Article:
Can you please explain the purpose and importance of using a toner; how much one should use (and why) and perhaps what skin type might benefit from it the most?

 

Toners are not a necessity. That being said, I can’t convince all of my patients of this! I usually tell them to do an experiment where they just stop using their toner cold turkey. The first week they might feel like something is missing but after that they won’t know it was gone!  
Most people that use these simply like the ‘feel’ of the astringent action on their skin. It just ‘feels clean’. Couple that with some discoloration they see on the cotton swab after swiping and people are usually sold on them.


I recommend avoiding alcohol based toners as these are much too drying and often conflict with other things we do recommend using such as retinol based products or other acne fighting agents. For what it’s worth, the origin of toners was to pH balance the skin and help remove excess oil. Cleansers have evolved effectively to address these concerns without the need of a toner.


Modern day toners tend to have different ingredients to target different concerns. For example, several contain rosewater. This is an age old ingredient that has anti acne and anti aging properties. Green tea extracts are also found in some for the antioxidant properties these extracts have. Chamomile is seen is some and thought to have calming qualities. And, some do have salicylic acid for acne. However, if someone is choosing a toner for this I would caution to make sure you are not overdoing it with the acne products. I worry that some of my new acne patients come in telling me that they are using an acne cleanser, an acne toner, an acne spot treatment, an acne moisturizer and acne makeup. Chances are- you need to see your dermatologist for something more precise!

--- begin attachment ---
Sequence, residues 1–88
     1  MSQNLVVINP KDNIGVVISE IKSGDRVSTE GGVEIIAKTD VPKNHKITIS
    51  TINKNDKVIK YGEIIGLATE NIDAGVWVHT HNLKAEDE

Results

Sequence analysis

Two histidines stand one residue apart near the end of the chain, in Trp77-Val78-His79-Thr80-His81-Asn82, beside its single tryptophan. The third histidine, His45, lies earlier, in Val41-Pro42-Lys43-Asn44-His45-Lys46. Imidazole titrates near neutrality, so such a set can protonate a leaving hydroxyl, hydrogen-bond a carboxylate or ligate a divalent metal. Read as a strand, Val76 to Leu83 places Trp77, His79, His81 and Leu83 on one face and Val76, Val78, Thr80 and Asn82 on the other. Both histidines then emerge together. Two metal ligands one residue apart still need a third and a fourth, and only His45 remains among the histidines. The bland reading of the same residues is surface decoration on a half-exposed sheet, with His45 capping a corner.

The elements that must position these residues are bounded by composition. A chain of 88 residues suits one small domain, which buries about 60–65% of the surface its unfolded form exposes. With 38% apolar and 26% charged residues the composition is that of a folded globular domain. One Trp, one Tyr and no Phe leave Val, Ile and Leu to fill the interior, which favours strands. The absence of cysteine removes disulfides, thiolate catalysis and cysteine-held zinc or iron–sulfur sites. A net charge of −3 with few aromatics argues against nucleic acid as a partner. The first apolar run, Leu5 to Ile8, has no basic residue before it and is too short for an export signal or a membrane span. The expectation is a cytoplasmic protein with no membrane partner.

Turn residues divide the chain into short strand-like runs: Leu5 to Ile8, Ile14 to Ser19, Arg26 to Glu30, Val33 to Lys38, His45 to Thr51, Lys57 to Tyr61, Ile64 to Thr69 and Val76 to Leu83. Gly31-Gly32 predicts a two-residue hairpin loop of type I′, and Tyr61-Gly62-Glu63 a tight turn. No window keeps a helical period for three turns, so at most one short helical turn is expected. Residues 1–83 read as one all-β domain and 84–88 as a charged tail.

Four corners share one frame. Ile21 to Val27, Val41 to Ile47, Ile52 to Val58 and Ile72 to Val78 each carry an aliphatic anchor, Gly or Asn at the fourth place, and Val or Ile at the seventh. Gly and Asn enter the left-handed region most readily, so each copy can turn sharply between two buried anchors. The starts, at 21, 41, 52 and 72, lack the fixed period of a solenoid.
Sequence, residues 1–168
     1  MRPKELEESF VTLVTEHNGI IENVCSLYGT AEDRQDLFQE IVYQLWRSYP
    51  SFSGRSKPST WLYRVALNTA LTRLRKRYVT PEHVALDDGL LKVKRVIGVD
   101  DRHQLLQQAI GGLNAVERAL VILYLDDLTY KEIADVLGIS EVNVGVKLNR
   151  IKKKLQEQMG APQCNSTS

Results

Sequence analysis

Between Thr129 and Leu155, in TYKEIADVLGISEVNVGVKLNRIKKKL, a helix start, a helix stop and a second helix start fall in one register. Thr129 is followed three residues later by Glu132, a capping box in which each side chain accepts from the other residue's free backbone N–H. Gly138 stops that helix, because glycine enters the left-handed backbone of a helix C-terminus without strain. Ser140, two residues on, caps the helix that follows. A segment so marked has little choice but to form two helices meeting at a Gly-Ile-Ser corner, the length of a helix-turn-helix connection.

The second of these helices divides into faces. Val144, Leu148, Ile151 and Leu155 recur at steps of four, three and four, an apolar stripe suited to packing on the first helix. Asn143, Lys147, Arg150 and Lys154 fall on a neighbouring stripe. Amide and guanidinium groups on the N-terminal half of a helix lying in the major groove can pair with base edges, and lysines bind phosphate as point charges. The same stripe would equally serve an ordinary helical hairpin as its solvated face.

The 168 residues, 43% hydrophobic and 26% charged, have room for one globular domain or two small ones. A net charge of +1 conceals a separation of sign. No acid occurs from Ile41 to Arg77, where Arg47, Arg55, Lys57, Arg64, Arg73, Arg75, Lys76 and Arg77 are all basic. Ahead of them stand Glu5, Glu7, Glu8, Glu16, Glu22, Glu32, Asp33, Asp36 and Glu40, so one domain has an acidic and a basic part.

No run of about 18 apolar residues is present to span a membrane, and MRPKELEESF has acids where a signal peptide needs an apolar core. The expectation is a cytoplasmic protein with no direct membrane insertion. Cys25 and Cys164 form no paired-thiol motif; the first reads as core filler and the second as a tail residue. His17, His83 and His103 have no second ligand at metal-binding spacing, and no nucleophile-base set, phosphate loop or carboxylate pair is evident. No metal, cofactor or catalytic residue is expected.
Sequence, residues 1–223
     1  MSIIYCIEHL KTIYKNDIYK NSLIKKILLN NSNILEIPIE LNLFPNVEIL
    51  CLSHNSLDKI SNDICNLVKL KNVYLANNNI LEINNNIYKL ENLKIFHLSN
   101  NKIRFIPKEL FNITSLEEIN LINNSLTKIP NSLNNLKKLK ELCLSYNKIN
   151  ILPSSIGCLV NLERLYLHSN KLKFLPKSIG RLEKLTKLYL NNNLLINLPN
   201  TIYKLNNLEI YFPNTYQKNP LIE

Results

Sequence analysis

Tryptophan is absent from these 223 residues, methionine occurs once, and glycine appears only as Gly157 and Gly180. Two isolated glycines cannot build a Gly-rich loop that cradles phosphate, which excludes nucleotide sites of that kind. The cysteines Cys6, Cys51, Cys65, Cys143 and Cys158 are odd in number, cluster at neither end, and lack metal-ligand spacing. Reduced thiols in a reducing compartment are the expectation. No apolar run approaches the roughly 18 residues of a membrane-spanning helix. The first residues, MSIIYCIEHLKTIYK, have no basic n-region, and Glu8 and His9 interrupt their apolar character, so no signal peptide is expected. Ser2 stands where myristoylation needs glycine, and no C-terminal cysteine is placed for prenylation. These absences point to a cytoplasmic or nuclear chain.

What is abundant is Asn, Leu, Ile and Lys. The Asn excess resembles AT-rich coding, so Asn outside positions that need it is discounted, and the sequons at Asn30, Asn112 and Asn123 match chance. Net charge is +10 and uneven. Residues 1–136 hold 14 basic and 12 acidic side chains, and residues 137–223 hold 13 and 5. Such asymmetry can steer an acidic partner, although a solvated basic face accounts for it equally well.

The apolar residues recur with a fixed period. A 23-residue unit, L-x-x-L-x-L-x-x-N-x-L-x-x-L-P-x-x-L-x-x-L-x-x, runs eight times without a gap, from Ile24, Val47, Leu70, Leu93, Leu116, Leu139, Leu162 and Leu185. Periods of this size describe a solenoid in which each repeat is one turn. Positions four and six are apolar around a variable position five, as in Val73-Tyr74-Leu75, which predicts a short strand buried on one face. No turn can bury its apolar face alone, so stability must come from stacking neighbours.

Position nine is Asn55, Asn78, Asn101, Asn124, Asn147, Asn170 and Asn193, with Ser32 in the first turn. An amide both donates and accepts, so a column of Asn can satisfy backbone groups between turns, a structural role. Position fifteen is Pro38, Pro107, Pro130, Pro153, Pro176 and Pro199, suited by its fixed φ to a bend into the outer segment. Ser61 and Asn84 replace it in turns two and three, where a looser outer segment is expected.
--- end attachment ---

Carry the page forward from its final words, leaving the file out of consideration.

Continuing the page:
Toners are best used by dampening a cotton ball or swab and gently wiping across the skin.  The cotton swab should not be so damp as to leave the toner built up on the skin or dripping.

 

When it comes to serums, is there a way to know how much to use (how many drops)? Does this change depending on the ingredients (i.e. if it contains AHA/BHA or retinol or hyaluronic acid or any other ingredient)?

 

Serums are lightweight products that do not have the thickness or greasiness of a cream or lotion. Creams or lotions are heavier because they are designed to adhere to the skin to help maintain hydration. 

Serums usually have other active ingredients in them designed to address a particular concern. For example, discoloration and anti-aging are the most common. These active ingredients are more concentrated and will therefore be a bit more potent. 

Because these active ingredients are so concentrated they can be a bit more irritating for some skin types depending on the active ingredients. 

 

To use a serum the goal is to not have too much buildup on the skin simply because these are designed to get into the superficial layers of the skin and not leave much of a residue.  T